Many proponents of public health care tend to blame the U.S.ís highly privatized system as the reason for such high costs. However, a number of factors influence the spending on healthcare: 1) How medical services are used: Expensive diagnostic procedures and elective surgeries, like MRI scans and corrective knee surgeries, drive up costs. 2) High costs of drugs: In the U.S., drug costs are more than $950 per capita (the largest amount when compared to the other OECD member countries). 3) Poor health-related behaviors: Excessive alcohol consumption, tobacco use, poor nutrition, and poor exercise, increase health problems.

Our current healthcare model is a "Disease care" model. You go to the doctor or seek medical advice when you are sick. It is a great system for acute illness and trauma. However, this model doesnít promote wellness and prevention of disease. Eighty percent of our chronic illnesses (diabetes, heart disease, and obesity to name a few) are not effectively addressed by our current "Disease care" model of healthcare. Why, you may ask? It is because these diseases are largely preventable and even reversible by changing diet and lifestyle. Yes, treatment of these and other chronic diseases account for 75% of our healthcare costs, and yet they are preventable or even reversible!!! (Dean Ornish, MD, the founder and president of the non-profit Preventive Medicine Research Institute in Sausalito, California; and Clinical Professor of Medicine at the University of California, San Francisco).

There is a different model that involves health promotion and disease prevention, and encourages us to become active in our own healing. At the center of this model is SELF Ė CARE. It is up to each one of us to learn how to maintain and protect our bodyís potential to heal itself. In continuing with the analogy of the body being like a car, and our mind and consciousness being the DRIVER of the car, here is Part 2 of the article: Being a Responsible Driver.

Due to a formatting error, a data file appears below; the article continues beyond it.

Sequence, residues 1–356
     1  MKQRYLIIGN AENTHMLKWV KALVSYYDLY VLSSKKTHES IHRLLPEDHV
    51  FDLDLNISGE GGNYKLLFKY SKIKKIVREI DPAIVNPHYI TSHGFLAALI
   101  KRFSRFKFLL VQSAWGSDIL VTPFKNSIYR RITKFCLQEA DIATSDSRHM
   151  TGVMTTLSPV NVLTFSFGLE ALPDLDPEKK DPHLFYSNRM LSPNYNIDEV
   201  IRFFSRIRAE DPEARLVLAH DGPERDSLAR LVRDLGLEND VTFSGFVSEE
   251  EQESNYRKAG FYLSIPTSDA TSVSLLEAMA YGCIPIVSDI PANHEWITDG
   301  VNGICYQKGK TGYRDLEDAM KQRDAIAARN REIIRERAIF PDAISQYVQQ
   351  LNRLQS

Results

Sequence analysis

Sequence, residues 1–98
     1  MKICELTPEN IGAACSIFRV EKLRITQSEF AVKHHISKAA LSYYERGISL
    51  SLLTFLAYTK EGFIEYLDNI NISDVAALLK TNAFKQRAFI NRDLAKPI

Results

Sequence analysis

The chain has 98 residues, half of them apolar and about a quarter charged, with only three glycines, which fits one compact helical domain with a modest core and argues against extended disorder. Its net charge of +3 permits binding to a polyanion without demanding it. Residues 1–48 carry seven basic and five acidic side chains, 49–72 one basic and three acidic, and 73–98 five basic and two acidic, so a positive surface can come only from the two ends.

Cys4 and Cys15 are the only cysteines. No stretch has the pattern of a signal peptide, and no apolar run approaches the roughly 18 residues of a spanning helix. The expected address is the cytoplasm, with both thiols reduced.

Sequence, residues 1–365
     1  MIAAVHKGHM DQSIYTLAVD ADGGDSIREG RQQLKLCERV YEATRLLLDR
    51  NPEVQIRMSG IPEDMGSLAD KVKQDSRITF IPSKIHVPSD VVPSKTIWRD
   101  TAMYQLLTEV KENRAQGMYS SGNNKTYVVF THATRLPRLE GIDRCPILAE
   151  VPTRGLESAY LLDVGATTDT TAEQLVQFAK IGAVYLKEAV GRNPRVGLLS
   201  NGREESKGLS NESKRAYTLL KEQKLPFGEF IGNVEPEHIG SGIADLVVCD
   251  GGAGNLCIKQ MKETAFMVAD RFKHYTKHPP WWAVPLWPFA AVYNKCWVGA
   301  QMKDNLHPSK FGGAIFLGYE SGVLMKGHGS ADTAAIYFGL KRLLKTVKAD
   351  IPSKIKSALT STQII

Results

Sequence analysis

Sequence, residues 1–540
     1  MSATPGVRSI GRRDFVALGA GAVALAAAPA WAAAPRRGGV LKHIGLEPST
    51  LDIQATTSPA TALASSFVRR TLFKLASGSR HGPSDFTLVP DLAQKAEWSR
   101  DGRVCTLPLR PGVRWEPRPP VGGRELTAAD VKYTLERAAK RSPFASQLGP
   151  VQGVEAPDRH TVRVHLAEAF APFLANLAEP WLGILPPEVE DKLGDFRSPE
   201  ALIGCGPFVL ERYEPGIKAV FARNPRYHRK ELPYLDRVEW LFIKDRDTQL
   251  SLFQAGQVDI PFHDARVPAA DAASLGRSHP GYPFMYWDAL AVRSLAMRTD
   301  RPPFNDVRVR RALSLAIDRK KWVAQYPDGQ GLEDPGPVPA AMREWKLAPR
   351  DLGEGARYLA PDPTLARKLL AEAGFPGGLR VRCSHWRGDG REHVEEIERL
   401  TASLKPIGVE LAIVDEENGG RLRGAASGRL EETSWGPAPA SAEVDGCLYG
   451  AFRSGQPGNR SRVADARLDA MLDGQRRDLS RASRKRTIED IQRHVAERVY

In one of my acupuncture classes, Bob Duggan, licensed acupuncturist, and former president of Tai Sophia Institute (now known as the Maryland University of Integrative Health) asked each of us to identify five symptoms that appear and disappear. At first, I thought, I donít have five symptoms that come and go. I have since realized that almost everyone that I have ever met has around five symptoms that come and go. Using me as an example, if I begin to rub my eyes, it means that Iím tired and I want to sleep, but Iím rubbing my eyes to keep my eyes stimulated. Then, if I donít get enough sleep, Iíll begin to strain my eyes and lean my head closer to what I am reading or writing. Then in a day or two, Iíll begin to get left-sided neck tightness, and will feel like I need to crack my neck. This then leads to a left-sided headache which forces me to lie down and sleep. I then wake up the next day without a headache. So, when I have a headache, do I need an MRI/CT scan and a specialist to tell me that I am tired and need more sleep? No.